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Prenuptial agreements (prenups) are not always a fun topic of conversation with your soon to be spouse. Discussing divorce before you even get married is not ideal as when you look at your fiancee, the last thing you see is your future ex-spouse.

However, with the current divorce rate in California being above 50%, discussing what happens to your assets in case you do end up divorced should be considered a responsible conversation. It is better to have a financial discussion when you are getting along, rather than during acrimony when feelings are emotional. A prenup can drastically ease your divorce process and save you both a ton of money and time.

To get the most from a prenup you must understand how they work and what is needed for them to be enforceable.

How Do Prenups Work in California?

Prenups in California are dictated by California’s Uniform Premarital Agreement Act (UPAA). According to this act, a prenup is an agreement between prospective spouses dictating what happens to their present assets and future assets after they become married. California is a community property state, so without a prenup, everything earned during marriage is considered joint and will be split.

A prenup allows you to alter California law and divide your assets as you want, which may mean not equally.

The property included in a prenup may include financial interests, income, real estate or debts. For a prenup to be valid, the parties to the agreement must provide full disclosure of assets to each other. They both must be fully informed about what the other has before signing. This would include all property and all debts, you should be fully aware of the financial situation of your soon to be spouse.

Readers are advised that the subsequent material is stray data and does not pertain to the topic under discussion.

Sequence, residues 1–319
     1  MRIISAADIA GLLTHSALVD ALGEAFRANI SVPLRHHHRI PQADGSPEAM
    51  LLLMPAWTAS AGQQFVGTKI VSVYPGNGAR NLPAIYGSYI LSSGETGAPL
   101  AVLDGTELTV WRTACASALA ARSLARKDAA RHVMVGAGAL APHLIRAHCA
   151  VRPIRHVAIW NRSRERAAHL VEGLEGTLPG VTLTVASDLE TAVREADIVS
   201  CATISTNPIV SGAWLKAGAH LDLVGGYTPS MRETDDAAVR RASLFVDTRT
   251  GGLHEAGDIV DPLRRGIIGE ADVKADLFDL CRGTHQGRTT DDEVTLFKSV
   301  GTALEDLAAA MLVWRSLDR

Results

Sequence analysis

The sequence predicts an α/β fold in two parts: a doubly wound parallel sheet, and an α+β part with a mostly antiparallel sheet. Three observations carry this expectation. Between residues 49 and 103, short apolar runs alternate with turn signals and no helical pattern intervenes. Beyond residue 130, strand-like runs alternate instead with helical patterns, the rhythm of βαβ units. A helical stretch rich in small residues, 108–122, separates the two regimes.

Additionally, each spouse MUST have at least seven days to review the final draft before signing and both parties MUST be represented by their own attorney. If the time period is less than seven days from when the document is received and when it is signed, it can be deemed unenforceable. Both parties must have their own independent counsel so it can be deemed they had full knowledge when signing.

What To and Not To Include In a Prenup

A prenup generally includes language about the division of finances. For example, what happens if one owns a house before marriage and they plan on living in the house after marriage and using marital income to pay the mortgage. This is a perfect situation to identify in a prenup. It will also include what happens it debt is accrued during marriage. Some people will include a waiver of inheritance rights if they have children from another marriage. It is truly up to you on what you want the prenup to include.

However, the prenup cannot include any provisions regarding child custody or child support. These would be deemed unenforceable provisions.

What Can Make a Prenup Invalid?

A prenup becomes invalid if it does not follow the requirements of the UPAA. For instance, if one spouse signed the prenup under duress without having full knowledge of the assets and debts of their partner, or being forced to sign an agreement without an attorney, the prenup can be deemed invalid. The prenup can also be deemed invalid if a family law judge finds the agreement is unfair.

When a prenup becomes invalid, it is not enforced by the court during a divorce. Your divorce proceedings continue as they would without a prenup.

Get Legal Advice About Your Prenup

Although you and your fiancee are on the same page on how to go about the prenup, it is always advisable to get legal advice from a reliable lawyer. The lawyer will explain all the legal jargon, helping you avoid mistakes. Additionally, you will weigh all the pros and cons together and come up with the best plans for your future.

If you’re in need of legal advice or consultation, please don’t hesitate to reach out to us at 619.289.7948

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